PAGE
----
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Targeted disruption of mouse Pds provides insight about the inner-ear defects encountered in Pendred syndrome.

Human molecular genetics | Jan 15, 2001

http://www.ncbi.nlm.nih.gov/pubmed/11152663

Following the positional cloning of PDS, the gene mutated in the deafness/goitre disorder Pendred syndrome (PS), numerous studies have focused on defining the role of PDS in deafness and PS as well as elucidating the function of the PDS-encoded protein (pendrin). To facilitate these efforts and to provide a system for more detailed study of the inner-ear defects that occur in the absence of pendrin, we have generated a Pds-knockout mouse. Pds(-/-) mice are completely deaf and also display signs of vestibular dysfunction. The inner ears of these mice appear to develop normally until embryonic day 15, after which time severe endolymphatic dilatation occurs, reminiscent of that seen radiologically in deaf individuals with PDS mutations. Additionally, in the second postnatal week, severe degeneration of sensory cells and malformation of otoconia and otoconial membranes occur, as revealed by scanning electron and fluorescence confocal microscopy. The ultrastructural defects seen in the Pds(-/-) mice provide important clues about the mechanisms responsible for the inner-ear pathology associated with PDS mutations.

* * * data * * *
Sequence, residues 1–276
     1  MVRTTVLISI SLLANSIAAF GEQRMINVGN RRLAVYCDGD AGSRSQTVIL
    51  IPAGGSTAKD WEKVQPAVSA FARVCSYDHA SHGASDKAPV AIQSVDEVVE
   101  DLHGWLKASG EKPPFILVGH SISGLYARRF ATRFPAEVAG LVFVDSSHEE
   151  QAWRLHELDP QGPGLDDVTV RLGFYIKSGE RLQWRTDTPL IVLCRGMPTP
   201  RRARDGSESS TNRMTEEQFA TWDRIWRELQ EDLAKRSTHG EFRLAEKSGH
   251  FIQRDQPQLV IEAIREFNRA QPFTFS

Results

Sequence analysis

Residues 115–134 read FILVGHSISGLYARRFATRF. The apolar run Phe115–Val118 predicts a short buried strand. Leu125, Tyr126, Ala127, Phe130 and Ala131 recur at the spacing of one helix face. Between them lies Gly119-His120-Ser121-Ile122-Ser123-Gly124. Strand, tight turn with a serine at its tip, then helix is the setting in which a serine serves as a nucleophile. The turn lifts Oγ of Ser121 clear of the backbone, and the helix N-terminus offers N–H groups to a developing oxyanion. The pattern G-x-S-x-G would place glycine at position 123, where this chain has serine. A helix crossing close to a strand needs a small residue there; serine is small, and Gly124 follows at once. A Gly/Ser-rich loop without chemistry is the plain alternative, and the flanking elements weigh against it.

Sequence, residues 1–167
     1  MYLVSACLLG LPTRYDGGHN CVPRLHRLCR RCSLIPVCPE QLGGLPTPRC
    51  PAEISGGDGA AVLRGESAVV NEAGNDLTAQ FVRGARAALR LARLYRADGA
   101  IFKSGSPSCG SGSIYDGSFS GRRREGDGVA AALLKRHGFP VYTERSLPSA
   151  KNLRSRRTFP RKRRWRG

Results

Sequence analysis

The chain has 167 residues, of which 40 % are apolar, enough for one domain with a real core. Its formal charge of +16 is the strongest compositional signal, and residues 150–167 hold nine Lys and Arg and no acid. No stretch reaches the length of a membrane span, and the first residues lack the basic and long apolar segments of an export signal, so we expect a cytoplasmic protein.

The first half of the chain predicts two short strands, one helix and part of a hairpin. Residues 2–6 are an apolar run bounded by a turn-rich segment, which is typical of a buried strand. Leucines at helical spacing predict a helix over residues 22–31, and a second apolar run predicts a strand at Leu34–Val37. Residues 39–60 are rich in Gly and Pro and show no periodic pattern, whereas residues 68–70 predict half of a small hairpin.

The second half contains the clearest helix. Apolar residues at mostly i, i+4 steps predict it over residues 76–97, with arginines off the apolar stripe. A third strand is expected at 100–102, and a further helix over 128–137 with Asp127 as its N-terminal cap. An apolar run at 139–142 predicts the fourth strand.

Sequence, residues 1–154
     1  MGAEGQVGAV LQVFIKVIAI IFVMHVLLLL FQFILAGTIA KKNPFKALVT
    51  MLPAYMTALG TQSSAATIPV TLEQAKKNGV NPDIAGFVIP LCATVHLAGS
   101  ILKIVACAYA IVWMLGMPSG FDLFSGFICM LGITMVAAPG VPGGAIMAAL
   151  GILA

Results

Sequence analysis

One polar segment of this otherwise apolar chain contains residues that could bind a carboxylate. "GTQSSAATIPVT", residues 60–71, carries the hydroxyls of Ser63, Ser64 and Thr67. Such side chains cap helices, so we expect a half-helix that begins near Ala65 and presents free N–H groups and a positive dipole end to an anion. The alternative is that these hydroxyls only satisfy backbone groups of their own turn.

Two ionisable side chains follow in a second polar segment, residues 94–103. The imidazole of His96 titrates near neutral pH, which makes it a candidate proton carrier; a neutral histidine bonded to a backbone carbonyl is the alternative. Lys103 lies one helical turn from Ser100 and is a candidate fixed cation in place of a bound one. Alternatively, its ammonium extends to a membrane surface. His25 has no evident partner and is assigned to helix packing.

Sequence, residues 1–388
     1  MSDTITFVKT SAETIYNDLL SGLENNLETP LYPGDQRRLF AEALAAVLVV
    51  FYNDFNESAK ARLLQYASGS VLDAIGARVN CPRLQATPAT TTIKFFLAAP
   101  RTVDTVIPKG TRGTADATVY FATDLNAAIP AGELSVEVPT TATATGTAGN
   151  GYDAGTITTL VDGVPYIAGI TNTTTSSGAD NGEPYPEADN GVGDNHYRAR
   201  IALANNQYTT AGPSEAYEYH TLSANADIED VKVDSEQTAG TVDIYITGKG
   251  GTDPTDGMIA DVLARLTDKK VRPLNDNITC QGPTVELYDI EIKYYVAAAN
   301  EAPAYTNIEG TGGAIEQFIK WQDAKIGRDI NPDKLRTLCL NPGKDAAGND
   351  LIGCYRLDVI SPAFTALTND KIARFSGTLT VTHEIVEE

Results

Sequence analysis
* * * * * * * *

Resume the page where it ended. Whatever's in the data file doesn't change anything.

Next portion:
Pubmed ID: 11152663 RIS Download

Mesh terms: Animals | Carrier Proteins | Ear, Inner | Goiter | Hair Cells, Auditory | Hearing Loss, Sensorineural | Membrane Transport Proteins | Mice | Mice, Knockout | Mice, Neurologic Mutants | Microscopy, Electron, Scanning | Syndrome | Thyroid Gland | Vestibular Diseases | Vestibule, Labyrinth

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